Erik Ridley

Erik is senior editor at AuntMinnie.com and focuses on coverage of artificial intelligence and imaging informatics. He joined the website in 2000 and has 24 years of radiology journalism experience, including previous stints with Diagnostic Imaging magazine, Diagnostic Imaging Scan newsletter, and PACS and Networking News. Erik holds a bachelor's degree in journalism from the University of Connecticut.

Articles by this author
When should breast cancer survivors discontinue mammo?
January 28, 2021 -- Older breast cancer survivors who have less than five years of life expectancy should no longer undergo routine surveillance mammography -- even if they have a history of high-risk cancers, according to new guidelines published online January 28 in JAMA Oncology by a multidisciplinary panel.  Discuss
EHR integration gives patients better access to images
January 27, 2021 -- Integrating a dedicated patient image portal with the portal for an electronic health record (EHR) can significantly increase the number of patients who access their medical images, according to a case study published online January 23 in the Journal of the American College of Radiology.  Discuss
3D printing may help to uncover secrets of AAOCA
January 27, 2021 -- 3D printing may be able to help in stratifying risk and making surgical decisions for patients with anomalous aortic origin of the coronary arteries (AAOCA), one of the most common causes of sudden cardiac death in children, according to research published online January 21 in Computer Methods and Programs in Biomedicine.  Discuss
3D T2 maps enhance assessment of myocarditis on MRI
January 25, 2021 -- A free-breathing, 3D whole-heart T2 MRI mapping sequence can efficiently and reproducibly quantify myocardial T2 times in patients with suspected myocarditis, and potentially even detect more cases of cardiac inflammation than standard 2D T2 maps, according to research published online January 19 in Radiology.  Discuss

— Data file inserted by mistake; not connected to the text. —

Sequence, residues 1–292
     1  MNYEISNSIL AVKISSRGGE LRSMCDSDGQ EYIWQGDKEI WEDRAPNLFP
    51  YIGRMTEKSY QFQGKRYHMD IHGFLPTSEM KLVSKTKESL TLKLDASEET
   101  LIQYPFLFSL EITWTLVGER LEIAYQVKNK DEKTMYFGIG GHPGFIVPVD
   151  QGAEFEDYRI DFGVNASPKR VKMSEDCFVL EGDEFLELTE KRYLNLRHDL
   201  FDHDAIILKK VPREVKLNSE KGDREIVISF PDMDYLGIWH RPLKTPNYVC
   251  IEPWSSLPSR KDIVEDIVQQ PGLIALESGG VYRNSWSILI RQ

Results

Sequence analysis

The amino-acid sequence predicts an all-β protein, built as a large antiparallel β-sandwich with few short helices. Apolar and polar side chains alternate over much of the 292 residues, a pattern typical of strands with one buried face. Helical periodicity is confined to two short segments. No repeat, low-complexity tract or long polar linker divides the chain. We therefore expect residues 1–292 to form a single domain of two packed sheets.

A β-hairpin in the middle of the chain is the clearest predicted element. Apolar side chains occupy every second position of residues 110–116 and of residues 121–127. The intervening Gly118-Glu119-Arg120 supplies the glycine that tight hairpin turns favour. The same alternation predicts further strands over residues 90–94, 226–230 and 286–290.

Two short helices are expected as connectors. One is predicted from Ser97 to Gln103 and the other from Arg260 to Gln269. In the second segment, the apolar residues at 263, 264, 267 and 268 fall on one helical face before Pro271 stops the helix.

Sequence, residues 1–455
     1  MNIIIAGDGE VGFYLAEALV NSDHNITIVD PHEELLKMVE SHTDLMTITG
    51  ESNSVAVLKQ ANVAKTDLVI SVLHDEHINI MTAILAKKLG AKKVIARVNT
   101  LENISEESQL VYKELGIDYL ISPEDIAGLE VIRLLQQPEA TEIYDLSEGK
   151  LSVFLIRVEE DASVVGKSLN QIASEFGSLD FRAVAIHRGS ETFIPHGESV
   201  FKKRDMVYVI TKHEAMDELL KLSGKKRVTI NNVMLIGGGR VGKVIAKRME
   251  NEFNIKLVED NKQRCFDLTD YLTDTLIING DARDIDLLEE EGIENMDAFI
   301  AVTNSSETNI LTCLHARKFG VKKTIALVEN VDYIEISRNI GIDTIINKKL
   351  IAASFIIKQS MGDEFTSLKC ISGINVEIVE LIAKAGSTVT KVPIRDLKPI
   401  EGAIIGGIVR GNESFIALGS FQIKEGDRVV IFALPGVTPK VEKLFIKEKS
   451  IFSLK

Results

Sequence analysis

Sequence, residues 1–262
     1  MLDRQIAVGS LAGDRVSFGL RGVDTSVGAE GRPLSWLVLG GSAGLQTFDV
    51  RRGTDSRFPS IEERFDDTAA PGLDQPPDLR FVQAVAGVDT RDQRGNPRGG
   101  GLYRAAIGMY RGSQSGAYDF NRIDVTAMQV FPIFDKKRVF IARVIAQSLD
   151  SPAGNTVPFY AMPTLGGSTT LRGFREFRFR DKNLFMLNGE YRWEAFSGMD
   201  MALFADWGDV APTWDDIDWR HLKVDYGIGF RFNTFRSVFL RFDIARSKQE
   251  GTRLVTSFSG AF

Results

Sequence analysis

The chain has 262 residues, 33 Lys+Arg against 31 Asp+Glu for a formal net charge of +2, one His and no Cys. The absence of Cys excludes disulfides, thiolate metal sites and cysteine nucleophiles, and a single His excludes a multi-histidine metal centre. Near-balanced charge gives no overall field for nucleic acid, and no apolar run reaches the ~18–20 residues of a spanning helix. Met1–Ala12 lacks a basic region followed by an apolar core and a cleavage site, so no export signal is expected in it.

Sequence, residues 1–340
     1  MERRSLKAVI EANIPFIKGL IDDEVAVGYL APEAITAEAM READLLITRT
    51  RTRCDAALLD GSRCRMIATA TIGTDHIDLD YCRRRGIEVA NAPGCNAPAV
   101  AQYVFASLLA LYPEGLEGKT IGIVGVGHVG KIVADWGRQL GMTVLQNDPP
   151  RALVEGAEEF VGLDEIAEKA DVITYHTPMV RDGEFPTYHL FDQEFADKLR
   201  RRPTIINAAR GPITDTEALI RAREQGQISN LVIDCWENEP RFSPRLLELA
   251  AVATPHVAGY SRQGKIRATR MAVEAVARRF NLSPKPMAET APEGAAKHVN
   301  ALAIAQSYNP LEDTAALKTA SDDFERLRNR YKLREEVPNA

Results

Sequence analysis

AI enhances performance of CT lung cancer screening
January 22, 2021 -- Combining artificial intelligence (AI) with Lung-RADS can sharply increase specificity in low-dose CT lung cancer screening programs without hurting sensitivity, according to a January 19 study in the Journal of the American College of Radiology.  Discuss
PET identifies tau's origin in Alzheimer's disease
January 21, 2021 -- An automated PET image analysis method can track the development of tau protein clumps in the brains of people with Alzheimer's disease, revealing an important clue in how the devastating disease could potentially be treated, according to research published online January 20 in Science Translational Medicine.  Discuss
AI, radiomics predicts prostate cancer recurrence
January 19, 2021 -- A diagnostic model that incorporates artificial intelligence (AI) analysis of radiomics features on multiparametric MRI can predict the likelihood of prostate cancer recurrence prior to surgical treatment, enabling preoperative risk stratification of patients, according to research published in the January issue of EBioMedicine.  Discuss
Radiomics, AI can guide NSCLC treatment decisions
January 15, 2021 -- Radiomics and artificial intelligence (AI) can be used to guide treatment of non-small cell lung cancer (NSCLC) without the need for a biopsy, according to research presented January 13 at the American Association for Cancer Research Virtual Special Conference on Artificial Intelligence, Diagnosis, and Imaging.  Discuss
CT radiomics classifies small nodules found in CT lung screening
January 15, 2021 -- A machine-learning algorithm can be highly accurate for classifying very small lung nodules found in low-dose CT lung screening programs, according to a poster presentation at this week's American Association for Cancer Research Virtual Special Conference on Artificial Intelligence, Diagnosis, and Imaging.  Discuss
Could AI lower malpractice risk for physicians?
January 12, 2021 -- Although some legal scholars believe that liability concerns could hinder adoption of artificial intelligence (AI) software in personalized medicine, a new study published in the Journal of Nuclear Medicine found that physicians who follow the technology's advice may actually be shielded from malpractice liability.  Discuss